Have you ever wondered what happens after a violent crime, a suicide, or an unattended death? Many times there is a sigificant amount of cleaning to do, usually involving body tissues and fluids. The job of cleaning up a crime scene is known as CTS Decon (Crime and Trauma Scene Decontamination). It requires the use of specialized procedures and knowledge, and requires employees dedicated to doing the job correctly, according to best practices and the law. Clean Earth Restorations is one of the few companies in San Diego that provides expert CTS Decon services.
CTS Decon is not a career that everyone can handle. There is a high amount of potential emotional stress involved with working in a crime scene, and it involves health risks not inherent in most careers. It requires tact and empathy as well.
For our readers who are curious about the job, we’ve pulled together some articles, interviews and Q&As with people who get their hands into the blood, sweat and tears (literally) of biohazard clean up. (Please be warned that these links contain graphic descriptions of the work, and that some public comments in the Q&As are off-color – Clean Earth Restorations is not affiliated with the people or organizations mentioned in the articles, but we feel the articles offer some valuable insights into the work.)
The Daily Life of a Crime Scene Cleaner (Business Insider):
A 2013 synopsis of a Reddit “Ask Me Anything” with a crime scene cleaner. Here is one of the questions:
Q: Why would you do this job? (Question from noargumenthere)
A: Lotsofshi’s answer: “I’d have to say the challenge and a fascination with the extraordinary. Also, helping grieving families in their darkest hour is very rewarding as well.”
Read the whole article here.
I’m a 26 Year Old Female Who Works in CTS Decon (Reddit, 2011):
An excerpt of the Q&A feed:
Here are some answers to popular questions.
1) I make between 60 and 70 grand a year. I don’t want to give an exact figure.
2) I specialize in bodily fluids/ biohazardous fluids. Mainly blood, semen, urine, fecal matter, and body splatter (brain, decomp).
3) Yes I work in Missouri and Illinois. We don’t market to the public and aren’t in the phone book. We work mainly with law enforcement and they give our information to families for smaller crime scenes.
4) I do not use the same chemicals to clean my own home that I use for my jobs.
5) I am the only female at my job.
6) When animals are found during a cleanup we clean them off as much as we can with non toxic cleaner and transport them to shelters. I actually have a pit bull (Xavier) that I found at a crime scene and adopted.
Read the rest of the feed here.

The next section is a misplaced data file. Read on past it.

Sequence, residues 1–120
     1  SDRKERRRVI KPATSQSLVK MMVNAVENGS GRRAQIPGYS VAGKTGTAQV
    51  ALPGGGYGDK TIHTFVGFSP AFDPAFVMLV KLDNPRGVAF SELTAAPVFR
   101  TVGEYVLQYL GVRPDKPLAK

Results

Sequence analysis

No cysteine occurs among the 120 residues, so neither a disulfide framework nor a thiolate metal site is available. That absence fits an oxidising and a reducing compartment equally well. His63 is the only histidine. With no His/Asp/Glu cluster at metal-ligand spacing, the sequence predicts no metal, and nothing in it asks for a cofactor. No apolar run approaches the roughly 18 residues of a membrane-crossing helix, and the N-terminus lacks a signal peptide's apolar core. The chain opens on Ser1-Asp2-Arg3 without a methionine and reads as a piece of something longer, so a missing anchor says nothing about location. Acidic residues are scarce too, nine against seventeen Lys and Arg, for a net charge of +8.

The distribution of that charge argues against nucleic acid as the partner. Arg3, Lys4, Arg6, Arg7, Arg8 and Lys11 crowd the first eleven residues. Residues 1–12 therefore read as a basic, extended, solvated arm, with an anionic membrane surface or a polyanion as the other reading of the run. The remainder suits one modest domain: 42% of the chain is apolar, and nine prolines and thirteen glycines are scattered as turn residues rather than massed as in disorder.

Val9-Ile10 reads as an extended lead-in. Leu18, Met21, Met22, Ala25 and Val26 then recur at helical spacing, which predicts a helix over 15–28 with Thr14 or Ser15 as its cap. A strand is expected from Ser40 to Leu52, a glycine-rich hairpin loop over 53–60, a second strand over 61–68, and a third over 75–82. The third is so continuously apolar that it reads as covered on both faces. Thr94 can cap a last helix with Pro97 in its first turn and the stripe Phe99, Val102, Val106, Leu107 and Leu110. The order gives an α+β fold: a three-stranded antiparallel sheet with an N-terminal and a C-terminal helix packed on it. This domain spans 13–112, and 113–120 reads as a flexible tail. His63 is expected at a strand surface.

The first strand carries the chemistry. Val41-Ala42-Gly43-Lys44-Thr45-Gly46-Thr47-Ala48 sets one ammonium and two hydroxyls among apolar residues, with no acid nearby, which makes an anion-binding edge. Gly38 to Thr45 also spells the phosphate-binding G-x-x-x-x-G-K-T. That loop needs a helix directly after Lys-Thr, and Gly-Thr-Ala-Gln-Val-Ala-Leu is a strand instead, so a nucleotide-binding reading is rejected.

A Career in the Aftermath Crime Scene Cleanup Industry: A Female Supervisor’s Perspective (Aftermath.com):
This is an interesting article about one woman’s journey to a career in crime clean up after studying criminal justice and law enforcement. She says,
“Every job is different; you are going to encounter different circumstances and living situations. You have to have an understanding that everyone has their own battles and struggles, and it is up to you to find a balance between sympathy and empathy in order to best serve the client.”
Read the full article here.
How Crime Scene Clean Up Works (ScienceHowStuffWorks.com):
This is a very well-written article that covers many facets of the crime scene clean up industry. Here is an excerpt about what it takes to work in CTS Decon:
Federal regulations deem all bodily fluids to be biohazards, so any blood or tissue at a crime scene is considered a potential source of infection. You need special knowledge to safely handle biohazardous material and to know what to look for at the scene – for instance, if there’s a thumbnail-size bloodstain on the carpet, there’s a good chance that there’s a 2-foot-diameter bloodstain on the floorboards underneath it. You can’t just clean the carpet and call it a day. You also need permits to transport and dispose of biohazardous waste. CTS decon specialists have all of the necessary permits, training and, perhaps most important, willingness to handle material that would send most of us running out the door to throw up in the bushes. A lot of them come from medical fields that prepare them for the gore — they may have been EMTs or emergency room nurses. A construction background is helpful, too, because some clean-ups (especially meth labs) require walls and built-in structures to be removed.
Read the rest of the article here.
If you or someone you know needs crime scene clean up services, please call us for a free estimate and to answer your questions about procedures. We know what a difficult time this is and we are here to help. Call us at 619 284 4239, or through this link: